After the flu ended I seemed to continue to battle flu-like symptoms. Low-grade fevers, chills, increased fatigue. This was challenging in that we didn’t know if this was another flu virus or an infection. I started an antibiotic and a week later I seemed to be over these symptoms, however the drain activity continued remain elevated.
The surgeon suspected that the antibiotic and use of ibuprofen may have been affecting other symptoms so he had me stop these medications. So last week, not taking any medication, I seemed to improve. Including the flow of fluid through the drain – it started to diminish. However the low-grade fever, chills, and fatigue has returned (this week).
Yesterday we drove into Ann Arbor for an appointment with my oncologist (Dr. Krauss) and another appointment with my surgeon (Dr. Knol). The snow made it a much longer and more treacherous drive than normal but we made it there and back safely. This visit was to get scan results, talk about next steps, and follow-up on the surgical drain.
Dr. Krauss (my oncologist) quickly gave us the update that the scans were all clear, and the CEA continued to be under 1.0. He then discussed that he wants to begin a conservative chemo treatment in four weeks, assuming I continue to heal and don’t have any major setbacks. He is going to have me begin taking Erbitux once again. This is a drug I used in the past that seemed to have maximum impact on cancer activity. Unfortunately, the side-effects of this drug is a nasty rash. Reference the 2/16/2013 update where I blogged about the Erbitux rash.
If my healing progresses as we all hope he will add additional drugs to the treatment to make it a more potent concoction. Although he assures me it will not be as rough as the six rounds I did pre-surgery. The hope is that this follow-up chemo (over the next year) will kill any remaining cancer cells and prevent a reoccurrence.
After discussing the return of the chills and fever with Dr. Knoll (my surgeon), he decided to put me back on a different antibiotic and to begin the “process” of removing the surgical drain. In the past the surgical drains were simply pulled out while I was in the hospital. There was some discomfort but it was done quickly and really wasn’t a big deal. I guess I should have expected that there may be a different process for removing this drain given that it was in me for over six weeks.
The “process” is to remove the drain one inch every two days. And he warned me and my wife, the first inch is painful. And he wasn’t kidding. I about hit the roof when he pulled out the first inch yesterday morning. The issue with the first inch is that tissue begins to grow around the surgical drain and that is pulled lose when pulling the first inch out. Additionally, the tube has a larger coupler that has to be pulled through a small (and very irritated and sore) hole in the skin. OUCH!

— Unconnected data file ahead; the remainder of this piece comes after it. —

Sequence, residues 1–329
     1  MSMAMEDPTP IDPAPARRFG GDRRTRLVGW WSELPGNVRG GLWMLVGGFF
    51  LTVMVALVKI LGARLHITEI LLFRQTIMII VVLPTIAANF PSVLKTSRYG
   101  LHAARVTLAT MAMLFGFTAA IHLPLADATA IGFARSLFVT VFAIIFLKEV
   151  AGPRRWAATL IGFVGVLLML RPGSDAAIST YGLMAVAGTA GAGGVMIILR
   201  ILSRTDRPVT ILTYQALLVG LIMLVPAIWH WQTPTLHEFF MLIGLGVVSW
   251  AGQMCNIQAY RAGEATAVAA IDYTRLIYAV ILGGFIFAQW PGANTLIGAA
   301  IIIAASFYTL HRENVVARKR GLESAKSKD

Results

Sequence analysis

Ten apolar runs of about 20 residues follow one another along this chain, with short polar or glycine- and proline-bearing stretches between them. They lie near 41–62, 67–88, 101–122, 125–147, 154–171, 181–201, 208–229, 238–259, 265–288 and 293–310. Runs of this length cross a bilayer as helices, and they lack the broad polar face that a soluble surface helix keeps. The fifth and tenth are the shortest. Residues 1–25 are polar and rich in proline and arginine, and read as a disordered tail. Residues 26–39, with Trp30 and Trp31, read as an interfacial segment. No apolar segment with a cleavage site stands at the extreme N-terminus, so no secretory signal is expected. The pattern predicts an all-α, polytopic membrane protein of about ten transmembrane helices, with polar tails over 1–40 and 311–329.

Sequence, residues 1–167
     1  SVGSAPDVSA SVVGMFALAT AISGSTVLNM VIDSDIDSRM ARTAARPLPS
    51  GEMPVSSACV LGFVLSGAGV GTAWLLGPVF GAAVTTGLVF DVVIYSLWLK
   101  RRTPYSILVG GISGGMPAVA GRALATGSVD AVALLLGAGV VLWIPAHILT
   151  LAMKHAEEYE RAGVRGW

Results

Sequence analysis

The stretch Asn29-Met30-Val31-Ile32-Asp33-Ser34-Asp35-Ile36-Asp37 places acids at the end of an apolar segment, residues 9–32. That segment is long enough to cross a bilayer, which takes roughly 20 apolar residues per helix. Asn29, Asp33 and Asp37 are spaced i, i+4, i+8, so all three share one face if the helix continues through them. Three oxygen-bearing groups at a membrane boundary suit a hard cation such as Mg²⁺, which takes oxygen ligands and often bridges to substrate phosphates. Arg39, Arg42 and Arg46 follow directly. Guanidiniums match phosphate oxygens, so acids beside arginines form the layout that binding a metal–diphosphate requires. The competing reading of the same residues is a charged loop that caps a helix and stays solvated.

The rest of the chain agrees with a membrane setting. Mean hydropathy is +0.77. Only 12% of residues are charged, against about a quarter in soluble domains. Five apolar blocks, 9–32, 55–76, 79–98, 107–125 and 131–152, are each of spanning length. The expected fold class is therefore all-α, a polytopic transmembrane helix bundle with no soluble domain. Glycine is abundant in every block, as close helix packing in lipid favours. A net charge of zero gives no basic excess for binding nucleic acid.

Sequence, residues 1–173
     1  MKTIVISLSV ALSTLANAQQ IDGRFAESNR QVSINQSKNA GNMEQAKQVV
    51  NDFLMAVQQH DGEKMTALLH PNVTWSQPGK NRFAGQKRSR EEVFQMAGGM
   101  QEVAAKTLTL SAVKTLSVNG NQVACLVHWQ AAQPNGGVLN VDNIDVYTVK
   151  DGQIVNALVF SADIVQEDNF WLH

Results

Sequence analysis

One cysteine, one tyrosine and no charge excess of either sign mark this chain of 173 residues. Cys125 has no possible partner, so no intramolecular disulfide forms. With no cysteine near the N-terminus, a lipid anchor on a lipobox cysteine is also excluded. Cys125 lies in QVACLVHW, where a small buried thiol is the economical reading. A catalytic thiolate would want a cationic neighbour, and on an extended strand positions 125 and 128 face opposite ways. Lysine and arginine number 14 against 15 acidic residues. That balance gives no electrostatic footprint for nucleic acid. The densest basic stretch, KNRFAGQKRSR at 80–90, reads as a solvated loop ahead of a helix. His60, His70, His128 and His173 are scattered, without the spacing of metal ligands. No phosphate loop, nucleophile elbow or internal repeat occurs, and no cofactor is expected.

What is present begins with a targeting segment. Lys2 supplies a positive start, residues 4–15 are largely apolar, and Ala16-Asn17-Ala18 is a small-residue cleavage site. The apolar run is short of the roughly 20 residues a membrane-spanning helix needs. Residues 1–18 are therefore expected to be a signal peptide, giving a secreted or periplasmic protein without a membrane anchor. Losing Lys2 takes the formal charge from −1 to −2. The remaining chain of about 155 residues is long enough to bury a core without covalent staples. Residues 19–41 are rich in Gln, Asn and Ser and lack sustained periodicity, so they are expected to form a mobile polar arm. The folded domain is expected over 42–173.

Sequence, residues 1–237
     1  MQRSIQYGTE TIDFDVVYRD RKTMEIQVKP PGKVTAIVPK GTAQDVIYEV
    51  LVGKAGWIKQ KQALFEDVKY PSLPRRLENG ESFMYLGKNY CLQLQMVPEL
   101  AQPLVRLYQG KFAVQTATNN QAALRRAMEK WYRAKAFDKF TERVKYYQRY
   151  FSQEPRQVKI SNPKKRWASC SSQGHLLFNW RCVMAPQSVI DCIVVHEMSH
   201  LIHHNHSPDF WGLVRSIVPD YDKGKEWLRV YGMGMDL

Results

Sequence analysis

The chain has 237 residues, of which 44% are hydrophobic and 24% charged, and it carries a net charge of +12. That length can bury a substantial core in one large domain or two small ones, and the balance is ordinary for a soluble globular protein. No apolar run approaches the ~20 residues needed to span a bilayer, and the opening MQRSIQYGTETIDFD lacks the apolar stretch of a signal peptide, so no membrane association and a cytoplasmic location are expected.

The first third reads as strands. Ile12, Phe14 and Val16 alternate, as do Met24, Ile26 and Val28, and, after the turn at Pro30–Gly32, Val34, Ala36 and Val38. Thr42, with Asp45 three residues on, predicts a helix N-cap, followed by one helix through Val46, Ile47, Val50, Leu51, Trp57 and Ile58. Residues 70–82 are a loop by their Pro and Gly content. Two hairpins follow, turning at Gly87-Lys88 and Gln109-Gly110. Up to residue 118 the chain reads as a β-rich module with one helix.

In addition to the doctor visits we also learned that the insurance has denied a claim for a PET scan. They are claiming that the PET scan was not medically necessary. The odd thing is that the insurance has paid for PET scans in the past without issue. And so we stopped in to visit with a UMHS administrator to find out what to do about this financial issue. We need to file another appeal with the insurance company. I pray the insurance company will ultimately pay for the test as this is a significant bill that we do not have in the budget. As if the cancer battle is not enough?
Anyway, I had a rough afternoon yesterday and a tough night trying to sleep last night. Nonetheless with the help of a little Tylenol the pain seems to be dissipating.
So, here it is, week six since surgery. I’m beginning to work, still struggling with some fatigue, chills, fever, and pain. When I started this cancer battle I was told this is a marathon. And here I am (maybe near the end of this race?) and I feel like I’m hitting the wall. I feel the pain and fatigue every morning and evening. I struggle with the cold and chills and frustration. But we simply keep on keeping on! With faith that our situation will improve. And in between the drops of gloom we manage to do a lot of living and loving. Some of the highlights from over the holiday season…
- Our family Christmas was wonderful. The house was filled with kids and dogs and activity. And the activity continued for a couple weekends after Christmas as well.
- Matt and Sarah announced their wedding engagement. So in addition to planning CJ and Anna’s wedding for July 2015 we are now also planning Matt and Sarah’s wedding for April of 2016.
- We scheduled a spring vacation for April 2015. We are going to visit Sarah and Matt in Boston. And we are all looking forward to our time with them.